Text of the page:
Session MUST be able to use different keys.
o REQ-033 The mechanism SHALL support means to relate Recording o REQ-032 The mechanism MUST support functionality such that if the
Session(s) with Communication Session(s). CS is encrypted, the RS may use different encryption keys.
AUTHENTICATION AUTHENTICATION
o REQ-040 The mechanism SHALL provide means for an SRS to SRC on RS o REQ-040 The mechanism SHALL provide means for an SRS to
initiation. authenticate the SRC on RS initiation.
o REQ-041 The mechanism SHALL provide means for an SRC to o REQ-041 The mechanism SHALL provide means for an SRC to
authenticate SRS on RS initiation. authenticate the SRS on RS initiation.
AUTHORIZATION
o REQ-050 The mechanism SHALL allow only authorized SRC/SRS to
initiate an RS.
INTEGRITY INTEGRITY
o REQ-060 The mechanism SHALL ensure the integrity of the Metadata o REQ-060 The mechanism SHALL ensure that the integrity of the
sent from SRC to SRS. metadata sent from SRC to SRS is an accurate representation of the
original CS metadata.
o REQ-061 The mechanism SHALL ensure the integrity of the Media sent o REQ-061 The mechanism SHALL ensure that the integrity of the media
from SRC to SRS. sent from SRC to SRS is an accurate representation of the original CS
media.
CONFIDENTIALITY CONFIDENTIALITY
o REQ-070 The mechanism SHALL ensure the confidentiality of the o REQ-070 The mechanism SHALL ensure the confidentiality of the
Metadata sent from SRC to SRS. Metadata sent from SRC to SRS.
o REQ-071 The mechanism SHALL ensure the confidentiality of the Media o REQ-071 The mechanism MUST provide a means to support RS
sent from SRC to SRS. confidentiality.
o REQ-072 It SHALL be possible to establish an RS without notifying 6. Privacy Considerations
the CS participants.
o REQ-073 The mechanism SHALL provide means to ensure the Requirements for participant notification of recording varies widely
confidentiality of the encryption keys used in CS. by jurisdiction. In a given deployment, not all users will be
authorized to stop the recording of a CS (although any user can
terminate a CS). Typically users within the domain that is carrying
out the recording will be subject to policies of that domain
concerning whether CSs are recorded. For example, in a call centre,
agents will be subject to policies of the call centre and may or may
not have the right to prevent the recording of a CS or part of a CS.
Users calling into the call centre, on the other hand, will typically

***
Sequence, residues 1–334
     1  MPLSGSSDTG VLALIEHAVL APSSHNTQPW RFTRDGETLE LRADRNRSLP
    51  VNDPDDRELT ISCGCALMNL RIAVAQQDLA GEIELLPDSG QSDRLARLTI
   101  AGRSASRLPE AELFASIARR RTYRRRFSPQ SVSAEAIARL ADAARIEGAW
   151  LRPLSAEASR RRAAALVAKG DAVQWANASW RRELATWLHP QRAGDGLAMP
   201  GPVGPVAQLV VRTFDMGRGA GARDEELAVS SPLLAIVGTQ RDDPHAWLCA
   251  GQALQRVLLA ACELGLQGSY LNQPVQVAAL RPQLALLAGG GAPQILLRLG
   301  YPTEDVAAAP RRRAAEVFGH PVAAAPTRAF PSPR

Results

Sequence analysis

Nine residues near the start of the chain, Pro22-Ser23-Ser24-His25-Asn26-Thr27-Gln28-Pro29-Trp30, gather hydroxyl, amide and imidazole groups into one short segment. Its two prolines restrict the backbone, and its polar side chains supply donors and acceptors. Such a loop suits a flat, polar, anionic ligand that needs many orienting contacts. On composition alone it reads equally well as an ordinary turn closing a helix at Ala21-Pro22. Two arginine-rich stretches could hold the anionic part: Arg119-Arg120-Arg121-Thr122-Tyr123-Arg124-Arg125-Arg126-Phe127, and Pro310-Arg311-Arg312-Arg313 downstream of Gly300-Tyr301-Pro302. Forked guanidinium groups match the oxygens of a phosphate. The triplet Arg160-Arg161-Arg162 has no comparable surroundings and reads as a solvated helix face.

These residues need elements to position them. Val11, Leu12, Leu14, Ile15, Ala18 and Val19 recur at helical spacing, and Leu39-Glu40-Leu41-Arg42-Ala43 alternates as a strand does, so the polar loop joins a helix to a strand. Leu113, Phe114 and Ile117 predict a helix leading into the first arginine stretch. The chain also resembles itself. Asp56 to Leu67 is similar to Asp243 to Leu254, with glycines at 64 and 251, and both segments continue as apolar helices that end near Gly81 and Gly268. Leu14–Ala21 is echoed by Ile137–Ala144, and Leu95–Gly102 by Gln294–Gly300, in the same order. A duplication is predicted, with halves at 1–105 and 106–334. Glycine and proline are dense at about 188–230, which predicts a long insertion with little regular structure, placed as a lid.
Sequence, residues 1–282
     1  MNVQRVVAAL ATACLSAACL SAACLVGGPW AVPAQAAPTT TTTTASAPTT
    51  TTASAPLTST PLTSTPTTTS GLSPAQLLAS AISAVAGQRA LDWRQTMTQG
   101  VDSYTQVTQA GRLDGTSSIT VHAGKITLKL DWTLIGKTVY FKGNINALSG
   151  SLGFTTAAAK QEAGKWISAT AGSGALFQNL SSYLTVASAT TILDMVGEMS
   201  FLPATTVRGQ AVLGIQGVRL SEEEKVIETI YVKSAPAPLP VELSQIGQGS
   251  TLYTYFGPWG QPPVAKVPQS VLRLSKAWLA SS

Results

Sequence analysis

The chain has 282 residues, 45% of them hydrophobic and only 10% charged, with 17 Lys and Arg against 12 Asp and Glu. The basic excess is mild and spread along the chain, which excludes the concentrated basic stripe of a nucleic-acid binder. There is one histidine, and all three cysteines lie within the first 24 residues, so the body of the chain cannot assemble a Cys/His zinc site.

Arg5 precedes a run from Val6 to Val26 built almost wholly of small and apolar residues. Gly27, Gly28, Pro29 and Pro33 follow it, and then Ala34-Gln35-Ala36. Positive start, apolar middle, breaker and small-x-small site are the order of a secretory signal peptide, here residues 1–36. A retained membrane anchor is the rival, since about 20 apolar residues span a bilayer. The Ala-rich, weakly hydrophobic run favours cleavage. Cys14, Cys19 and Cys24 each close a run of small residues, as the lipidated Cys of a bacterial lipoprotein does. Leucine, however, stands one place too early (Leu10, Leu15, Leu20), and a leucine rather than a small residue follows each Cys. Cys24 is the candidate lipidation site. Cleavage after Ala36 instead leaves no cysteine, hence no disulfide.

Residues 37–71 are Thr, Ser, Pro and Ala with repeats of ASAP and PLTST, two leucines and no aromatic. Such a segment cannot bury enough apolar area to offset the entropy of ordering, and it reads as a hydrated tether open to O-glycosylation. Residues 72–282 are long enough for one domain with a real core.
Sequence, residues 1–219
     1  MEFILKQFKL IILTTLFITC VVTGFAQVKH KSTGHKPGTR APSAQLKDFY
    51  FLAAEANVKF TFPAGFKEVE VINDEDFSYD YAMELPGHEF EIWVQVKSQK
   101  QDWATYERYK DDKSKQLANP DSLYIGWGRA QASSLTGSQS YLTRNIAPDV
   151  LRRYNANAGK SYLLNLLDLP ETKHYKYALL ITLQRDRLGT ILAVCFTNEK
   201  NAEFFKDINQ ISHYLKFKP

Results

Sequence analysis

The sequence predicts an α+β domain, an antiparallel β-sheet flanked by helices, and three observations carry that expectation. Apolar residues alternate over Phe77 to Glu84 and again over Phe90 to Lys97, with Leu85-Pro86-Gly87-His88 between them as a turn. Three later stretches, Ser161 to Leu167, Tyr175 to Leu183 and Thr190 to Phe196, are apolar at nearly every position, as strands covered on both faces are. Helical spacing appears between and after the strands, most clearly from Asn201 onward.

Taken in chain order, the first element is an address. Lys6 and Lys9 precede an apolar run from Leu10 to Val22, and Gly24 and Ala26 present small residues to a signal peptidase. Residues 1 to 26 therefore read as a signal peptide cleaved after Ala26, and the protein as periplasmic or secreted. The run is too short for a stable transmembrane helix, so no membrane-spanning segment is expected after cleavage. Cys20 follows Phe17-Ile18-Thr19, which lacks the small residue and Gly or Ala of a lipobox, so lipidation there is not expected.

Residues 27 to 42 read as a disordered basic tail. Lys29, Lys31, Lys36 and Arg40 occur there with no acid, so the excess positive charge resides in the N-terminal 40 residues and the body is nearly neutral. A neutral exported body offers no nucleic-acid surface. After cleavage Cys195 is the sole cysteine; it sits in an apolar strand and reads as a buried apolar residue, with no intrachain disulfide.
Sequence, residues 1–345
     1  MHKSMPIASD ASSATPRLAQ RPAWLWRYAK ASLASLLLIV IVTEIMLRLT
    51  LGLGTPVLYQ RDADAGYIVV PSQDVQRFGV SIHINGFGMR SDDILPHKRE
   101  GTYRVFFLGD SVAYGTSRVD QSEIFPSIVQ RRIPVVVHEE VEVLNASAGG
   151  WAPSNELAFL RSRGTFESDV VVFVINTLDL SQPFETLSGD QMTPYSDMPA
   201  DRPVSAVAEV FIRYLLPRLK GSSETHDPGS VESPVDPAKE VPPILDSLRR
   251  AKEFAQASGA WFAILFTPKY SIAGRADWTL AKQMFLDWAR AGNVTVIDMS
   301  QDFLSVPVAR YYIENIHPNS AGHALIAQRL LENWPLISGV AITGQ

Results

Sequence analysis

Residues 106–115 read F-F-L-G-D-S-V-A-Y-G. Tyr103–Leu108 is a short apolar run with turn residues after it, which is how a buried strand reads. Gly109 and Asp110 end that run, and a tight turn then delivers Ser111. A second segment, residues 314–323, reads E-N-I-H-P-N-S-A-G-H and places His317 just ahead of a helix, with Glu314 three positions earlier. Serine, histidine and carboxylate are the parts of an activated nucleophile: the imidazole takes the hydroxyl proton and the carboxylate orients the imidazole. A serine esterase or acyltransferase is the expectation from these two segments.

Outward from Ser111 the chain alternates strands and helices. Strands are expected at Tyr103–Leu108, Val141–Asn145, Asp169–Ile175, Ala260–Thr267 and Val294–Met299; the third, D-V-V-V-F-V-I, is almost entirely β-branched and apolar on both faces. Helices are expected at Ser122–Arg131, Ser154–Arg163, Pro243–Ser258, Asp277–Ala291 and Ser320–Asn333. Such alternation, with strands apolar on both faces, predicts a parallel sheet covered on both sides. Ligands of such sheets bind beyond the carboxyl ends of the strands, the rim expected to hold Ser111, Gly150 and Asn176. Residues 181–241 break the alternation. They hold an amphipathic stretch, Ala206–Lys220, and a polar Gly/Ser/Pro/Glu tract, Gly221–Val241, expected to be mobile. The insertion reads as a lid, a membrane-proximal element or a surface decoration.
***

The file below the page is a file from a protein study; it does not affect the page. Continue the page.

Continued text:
have to ask the agent not to record the CS. If the agent is unable
to prevent recording, or if caller does not trust the agent, the only
option generally is to terminate the CS.
6. Security Considerations Privacy considerations also extend to what happens to a recording
once it has been created. Typical issues are who can access the
recording (e.g., receive a copy of the recording, view the metadata,
play back the media, etc.), for what purpose can the recording be
used (e.g., for non-repudiation, for training purposes, for quality
control purposes, etc.) and for how long the recording is to be
retained before deletion. These are typically policies of the domain
that makes the recording, rather than policies of individual users
involved in a recorded CS, whether those users be in the same domain
or in a different domain. Taking the call centre example again,
agents might be made aware of call centre policy regarding retention
and use of recordings as part of their employment contract, and
callers from outside the call centre might be given some information
about policy when notified that a CS will be recorded (e.g., through
an announcement that says that calls may be recorded for quality
purposes).
This document does not specify any requirements for a user engaged in
a CS to be able to dictate policy for what happens to a recording, or
for such information to be conveyed from an SRC to an SRS, since
typical deployments would not need this. Instead, it is assumed that
the SRS has access to policy applicable to its environment and can
ensure that recordings are stored and used appropriately."
7. Security Considerations
Session recording has substantial security implications, for the SIP Session recording has substantial security implications, for the SIP
UA's being recorded, the SRC, and the SRS. UA's being recorded, the SRC, and the SRS.
For the SIP UA's involved in the Communication Session, the For the SIP UA's involved in the Communication Session, the
requirements in this draft enable the UA to identify that a requirements in this draft enable the UA to identify that a